Invented by Francis Dobbs and contributed by Roger Dobbs (


A game for 3 players with a 32 card pack ranking high to low from ace to seven in each suit. Scores are accumulated at the end of each deal and the game may end at any time after a specified number of deals, providing each player has dealt an equal number of times.

The turn to deal, bid and play passes to the left. The dealer, after shuffling and having the cards cut from the right, deals 10 cards, two at a time to each player. At any stage in the deal 2 excess cards are dealt face down to the table as a talon.

The Play

The player on the dealer's left (forehand) commences the auction and must either pass or make a bid after which each player in turn must either bid higher or pass.

A bid must consist of a proposal to win at least 6 tricks and a proposed trump suit, e.g. 7 hearts, 9 diamonds or misère / misère ouverte. Jump bidding is allowed. A player who has passed cannot come in again. When each of 2 players pass in turn, the last to bid becomes the declarer. If all 3 pass, the hands are thrown in and the deal passes.

The declarer takes up the talon, adds it to his hand without showing it and makes any 2 discards face down. The declarer then either confirms his bid or announces any higher contract, which may be in no trump, although this may not be bid in auction. This procedure will be discussed in detail later. Forehand leads to the 1st trick, and suit must be followed if possible, otherwise any card may be played.

Bids are scored as follows : (+ if successful, - if not)

For any bid (minimum 6 tricks and maximum 10 tricks) naming trumps/NT:
Number of tricks bid are squared :
e.g. 6 tricks score 36 (6 x 6)
7 tricks score 49 (7 x 7)
and so on up to 10 tricks, which scores 100.

A Slam (10 tricks) must be played with all hands face up on the table before a player leads.

Each trick taken by an opponent scores a value equal to the number of unbiddable tricks (e.g. Contract of 7 tricks score 3 per trick (10-7)).

A bid of Misère (to lose every trick) score +/- 50 (with 0 for opponents) and Misère ouverte (to lose every trick with hand laid face up) scores +/- 100 (with 0 for opponents), both played at no trump.

For any given number of tricks bid, the first bid may be made by naming any suit as trump, which may be overcalled by no more than 1 later bid, providing it is made in either suit of different colour to the original. (e.g. First bid 6 diamonds, second bid 6 clubs/spades). Please note a player may not overcall himself in this context either during or after the auction. However this does not preclude him when finalising his bid as Declarer, having taken the talon and made the necessary discards, from overcalling his bid by naming no trump (e.g. current bid 6 spades, final contract 6 no trump).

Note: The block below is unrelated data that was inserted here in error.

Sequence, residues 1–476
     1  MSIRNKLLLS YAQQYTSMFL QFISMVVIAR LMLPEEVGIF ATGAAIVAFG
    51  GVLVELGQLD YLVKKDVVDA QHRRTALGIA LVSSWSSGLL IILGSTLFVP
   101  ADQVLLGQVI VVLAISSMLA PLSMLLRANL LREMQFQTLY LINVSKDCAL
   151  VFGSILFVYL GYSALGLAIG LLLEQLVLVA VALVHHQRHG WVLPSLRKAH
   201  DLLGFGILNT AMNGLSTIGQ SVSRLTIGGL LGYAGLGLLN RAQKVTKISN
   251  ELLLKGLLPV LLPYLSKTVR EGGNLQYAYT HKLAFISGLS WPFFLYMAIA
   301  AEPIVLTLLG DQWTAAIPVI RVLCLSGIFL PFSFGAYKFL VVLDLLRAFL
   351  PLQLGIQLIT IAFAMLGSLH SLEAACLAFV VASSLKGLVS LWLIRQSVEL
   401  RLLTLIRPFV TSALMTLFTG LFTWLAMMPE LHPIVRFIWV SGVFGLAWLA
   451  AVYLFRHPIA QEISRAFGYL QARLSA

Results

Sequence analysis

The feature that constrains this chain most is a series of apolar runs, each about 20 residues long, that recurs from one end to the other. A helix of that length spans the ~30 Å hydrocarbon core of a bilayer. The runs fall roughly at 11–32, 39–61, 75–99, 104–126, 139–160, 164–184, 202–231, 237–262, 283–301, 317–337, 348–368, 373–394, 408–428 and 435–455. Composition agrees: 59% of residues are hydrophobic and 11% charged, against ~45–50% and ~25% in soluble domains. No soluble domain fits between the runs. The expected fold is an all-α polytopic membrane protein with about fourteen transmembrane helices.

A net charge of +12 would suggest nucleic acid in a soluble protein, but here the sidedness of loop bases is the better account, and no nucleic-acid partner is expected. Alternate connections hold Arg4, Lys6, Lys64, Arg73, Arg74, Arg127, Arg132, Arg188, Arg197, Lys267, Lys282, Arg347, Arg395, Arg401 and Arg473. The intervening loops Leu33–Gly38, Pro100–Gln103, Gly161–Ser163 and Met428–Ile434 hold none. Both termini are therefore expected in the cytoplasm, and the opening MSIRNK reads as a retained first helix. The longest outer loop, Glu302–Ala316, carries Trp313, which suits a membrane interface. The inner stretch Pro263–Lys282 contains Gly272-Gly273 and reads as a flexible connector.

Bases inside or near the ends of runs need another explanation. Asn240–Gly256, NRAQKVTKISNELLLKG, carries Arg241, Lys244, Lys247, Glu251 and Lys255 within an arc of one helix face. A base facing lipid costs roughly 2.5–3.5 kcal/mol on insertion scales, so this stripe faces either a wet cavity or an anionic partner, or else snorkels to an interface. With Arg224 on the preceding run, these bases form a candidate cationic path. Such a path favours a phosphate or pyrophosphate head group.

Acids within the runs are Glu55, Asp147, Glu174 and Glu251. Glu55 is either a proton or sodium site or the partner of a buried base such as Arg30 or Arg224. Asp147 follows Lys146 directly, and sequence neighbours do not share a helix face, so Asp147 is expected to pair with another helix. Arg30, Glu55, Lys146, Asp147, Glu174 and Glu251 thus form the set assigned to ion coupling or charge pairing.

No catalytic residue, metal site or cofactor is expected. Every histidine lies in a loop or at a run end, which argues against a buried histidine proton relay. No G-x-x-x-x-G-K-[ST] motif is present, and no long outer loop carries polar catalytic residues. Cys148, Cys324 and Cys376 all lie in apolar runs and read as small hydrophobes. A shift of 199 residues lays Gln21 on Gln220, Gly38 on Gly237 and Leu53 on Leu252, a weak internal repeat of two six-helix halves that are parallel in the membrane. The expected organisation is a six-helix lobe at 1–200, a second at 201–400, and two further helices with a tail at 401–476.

A comparison of relative scores for a series of successful contracts (declarer having obtained the bare minimum of tricks required) based on the previous information is shown below.

No. of tricks
Score of
Total score
of opponents
Relative score
of declarer overall
misère ouverte1000100

Chameleon Variant

During the last deal, the hands are not thrown in if all the players pass, but instead the dealer exposes the top card of the talon as trump, takes it into his hand and discards any card face down. Forehand leads and the dealer scores 5 points for each trick he wins above 4. Each opponent scores 5 points for each trick he takes above 3.

Dummy Chameleon

In this 3 handed version for 2 players, the hand dealt to the right of the dealer is left face downwards as dummy. Each player, after examining his hand, may bid or pass in turn. If one player outbids his opponent and becomes Declarer, the game proceeds in the usual manner, Dummy's hand has been previously been exposed and sorted into suits and ranks before play begins.

Cards of each suit form parallel columns facing between the players and rank from high to low from top to bottom.

Dummy's hand is played in rotation clockwise by the opponent of the declarer as well as his own hand. Upon winning a trick, he leads to the next from whichever hand furnished the previous winning card. Any tricks taken by the Dummy are ignored for scoring purposes.

In the event of both players passing, each in turn has the option of bidding 6 in dummy. i.e.. To take Dummy's hand after first discarding his own as a replacement dummy and confirm his bid by specifying a suit for trump or if the player considers his hand to be worthless, he may concede by throwing it in, thus scoring -36 points and his opponent zero.

However, if he confirms his bid, he adds the talon to his hand without showing it, makes any two discards face down and may increase his bid in accordance with the rules of the game. Dummy's hand is exposed as previously explained and forehand leads to the first trick.
If both players refuse to bid 6 in dummy, whenever this option becomes available, the hands are thrown in and the deal passes.

Dummy Chameleon Variant

During the last deal of the game, the hands are not thrown in if both players pass twice. Instead the dealer stacks Dummy's cards and exposes the top card as trump. Each of the players in turn then adds one card from the talon to his hand without showing it and discards any card face down. Forehand leads and each player scores 5 points for each trick he takes above five.

It is worth noting that a bid of six in dummy should be considered when holding not more than one ace in a hand containing one of the following:

  1. One or more voids
  2. One singleton (excluding ace)
  3. Two singletons
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Last updated: 3rd January 2002